"I agree that there are evils," replied Ibarra, "but let us accept these evils for the sake of the benefits that go with them. This institution may be imperfect, but, believe me, it prevents, by the terror it inspires, the growth of the number of criminals."
"Or say rather that on account of terror their number increases," rectified Elías. "Before the creation of this body almost all the evil-doers except a few, were criminals because of hunger. They pillaged and robbed in order to live. However, once the need was over and the highways were free once more, the poor but valiant local police with their obsolete weapons were enough to make them flee,
this force so often calumniated by those who have written about our country, those whose rights were to die, whose duty was to fight, and whose recompense was ridicule. Today there are bandits and they are so for life. A mistake,
a crime inhumanly punished, the resistance against the abuses of this power, the fear of cruel reprisals throw them out of society forever and condemn them to kill or killed. The terrorism of the Civil Guard closes against the them the doors of repentance, and since a tulisan or a bandit fights and defends himself in the mountains better than does a soldier whom he derides, the result is that we are not capable of extinguishing the evil we have created.
"Remember what the prudence of the Capitan-General de la Torre achieved: the amnesty he granted to these hapless wretches has proven that in those mountains still beat the hearts of human beings who only yearn for pardon. Terrorism is useful when the people are enslaved, when the mountains have no caves, when power places behind each tree a sentry and when the slave's body has only guts and hunger. But when the desperate one who fights for life feels the strength of his arm, his heart beats and his whole being is filled with bile. Will terrorism be able to put out the fire on which it pours more fuel?"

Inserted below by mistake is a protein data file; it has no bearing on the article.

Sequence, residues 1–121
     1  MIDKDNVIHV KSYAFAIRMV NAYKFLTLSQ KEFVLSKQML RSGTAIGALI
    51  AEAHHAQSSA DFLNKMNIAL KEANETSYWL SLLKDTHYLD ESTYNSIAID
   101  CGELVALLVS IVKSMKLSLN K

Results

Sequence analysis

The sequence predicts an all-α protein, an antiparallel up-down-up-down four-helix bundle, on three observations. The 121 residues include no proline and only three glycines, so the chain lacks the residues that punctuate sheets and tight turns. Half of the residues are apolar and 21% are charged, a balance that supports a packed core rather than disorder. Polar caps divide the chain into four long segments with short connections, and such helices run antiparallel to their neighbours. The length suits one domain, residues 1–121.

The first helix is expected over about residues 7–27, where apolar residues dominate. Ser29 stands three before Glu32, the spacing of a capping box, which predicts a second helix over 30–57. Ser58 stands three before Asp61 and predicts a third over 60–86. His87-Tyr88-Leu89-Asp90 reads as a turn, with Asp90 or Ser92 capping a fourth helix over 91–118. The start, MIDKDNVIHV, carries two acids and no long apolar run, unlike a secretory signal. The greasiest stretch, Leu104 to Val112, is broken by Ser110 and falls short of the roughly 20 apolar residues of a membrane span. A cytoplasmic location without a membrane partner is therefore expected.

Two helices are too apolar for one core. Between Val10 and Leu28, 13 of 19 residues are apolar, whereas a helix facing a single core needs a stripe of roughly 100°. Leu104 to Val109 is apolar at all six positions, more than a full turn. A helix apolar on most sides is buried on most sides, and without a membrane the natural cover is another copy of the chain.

"You confuse me, Elías, by talking this way. I could believe you are right if I did not have my own convictions. But take note of this -- do not be offended for I exclude you and take you for an exception -- consider who these are who press for reforms! Almost all of them are criminals or on the verge of criminalism!"
"Criminals or future criminals -- but why are they such? Because their peace has been broken, their happiness wrenched from them; they have been wounded in their most cherished affections. When they asked justice for protection they became convinced that they can expect it
only from themselves. But you are mistaken, Sir, if you think criminals only ask for it. Go from town to town, from house to house, listen to the silent sighs of families; you will be convinced that the evils the Civil Guard correct are the same, if not less, than the evils they continually cause. Are we to infer from this that all the citizens are criminals? Then what is the use of defending the others? Why not destroy all of them?"
"There is an error in your reasoning which escapes me at this moment, some error in theory which can be refuted by experience, for in Spain, in the Mother Country, this body serves and has been serving effectively."